Maisy may have been amazing on Monday night, but on Tuesday night, she was... not. Truthfully, I knew that I will always need to be cautious with her. In times of stress, she will probably always fall back on her old, reactive coping skills.
And she did last night.
We went to our regular reactive dog class, and she did okay for the most part. She started with a play lunge towards another dog, and slowly deteriorated from there. She had a number of loud, obnoxious lunges, some with barks, some just rushes, none of it awful, though still mildly disappointing, especially after the awesome night just 24 hours prior.
I can't say that I was surprised, though. I mean, Monday night was off-the-charts stressful, and Maisy held herself together amazingly. Still, it had to have elevated her adrenaline and cortisol levels. Although I have yet to find anything definitive, most sources suggest that it can take 72 hours (or more) for cortisol to dissipate from the body after a stressful event.
This website does a nice job of discussing the differences between adrenaline and cortisol, and this one does such a nice job of explaining how those elevated stress hormones affects reactivity that I have to quote a brief portion:
High levels of adrenaline are associated with heightened vigilance, anxiety, lowered thresholds of sensory perception; these make the dog more reactive to stimulation, rather than thinking. Higher levels of glucocorticoids cause an overactive stress response and depression. After a stress response it can take days for the glucocorticoids to go back down to baseline levels. If the dog has another stressful situation before this happens the entire cascade of the stress response starts all over.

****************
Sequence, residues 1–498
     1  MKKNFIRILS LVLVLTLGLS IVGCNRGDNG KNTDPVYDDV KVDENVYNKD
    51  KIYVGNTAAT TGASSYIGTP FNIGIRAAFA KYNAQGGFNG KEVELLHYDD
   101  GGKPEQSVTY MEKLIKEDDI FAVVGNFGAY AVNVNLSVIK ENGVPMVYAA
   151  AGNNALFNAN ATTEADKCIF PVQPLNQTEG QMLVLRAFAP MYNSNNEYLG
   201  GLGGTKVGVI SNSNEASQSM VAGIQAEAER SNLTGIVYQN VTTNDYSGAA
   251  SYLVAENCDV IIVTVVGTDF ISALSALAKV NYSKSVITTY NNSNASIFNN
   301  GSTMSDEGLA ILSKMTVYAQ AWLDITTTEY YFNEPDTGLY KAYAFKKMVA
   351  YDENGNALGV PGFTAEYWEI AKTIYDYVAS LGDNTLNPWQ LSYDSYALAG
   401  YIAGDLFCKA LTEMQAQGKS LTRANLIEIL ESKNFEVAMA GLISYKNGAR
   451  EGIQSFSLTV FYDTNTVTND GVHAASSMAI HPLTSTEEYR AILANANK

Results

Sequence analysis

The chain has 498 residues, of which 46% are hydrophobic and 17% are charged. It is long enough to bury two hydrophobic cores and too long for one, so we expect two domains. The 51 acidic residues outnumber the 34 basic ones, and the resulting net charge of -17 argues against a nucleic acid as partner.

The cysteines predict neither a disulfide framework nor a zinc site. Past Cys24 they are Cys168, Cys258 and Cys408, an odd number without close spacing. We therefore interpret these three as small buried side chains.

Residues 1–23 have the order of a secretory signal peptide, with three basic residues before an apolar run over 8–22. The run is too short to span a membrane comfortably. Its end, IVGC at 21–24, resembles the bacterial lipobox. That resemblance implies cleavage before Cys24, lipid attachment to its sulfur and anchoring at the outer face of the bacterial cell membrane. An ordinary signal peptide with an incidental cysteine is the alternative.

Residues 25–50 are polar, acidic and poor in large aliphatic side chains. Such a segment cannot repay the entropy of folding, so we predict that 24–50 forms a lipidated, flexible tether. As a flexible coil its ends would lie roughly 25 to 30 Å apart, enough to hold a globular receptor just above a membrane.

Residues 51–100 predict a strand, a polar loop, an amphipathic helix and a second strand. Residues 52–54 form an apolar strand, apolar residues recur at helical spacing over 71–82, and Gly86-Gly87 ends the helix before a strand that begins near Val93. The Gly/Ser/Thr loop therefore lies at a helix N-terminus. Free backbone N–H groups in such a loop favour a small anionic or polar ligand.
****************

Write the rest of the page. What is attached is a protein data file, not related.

As an interesting side note, today, while I was trying to figure out how long those hormones remain in the dog's body, I read that you can help reduce the cortisol levels through exercise immediately following the stressful event, massage, and, interestingly, some dietary things, such as magnesium, omega 3s or vitamin C. I'll have to try both the exercise and the massage, and do more reading on the dietary factors.
Anyway, all of that is simply to say that Maisy's reactivity last night wasn't really a set-back. In fact, it was actually an expected result. That not only helps me feel better about it, it also confirms the decision I made a few months ago to scratch her from a second day of trialling. At the time, I just didn't think she could do the second day, but didn't understand why. My trainer had agreed, saying that she thought Maisy was probably a one-day dog. Now I'm quite sure of that. That's really a valuable thing to know about my dog, and so I'm grateful to have had the experience last night.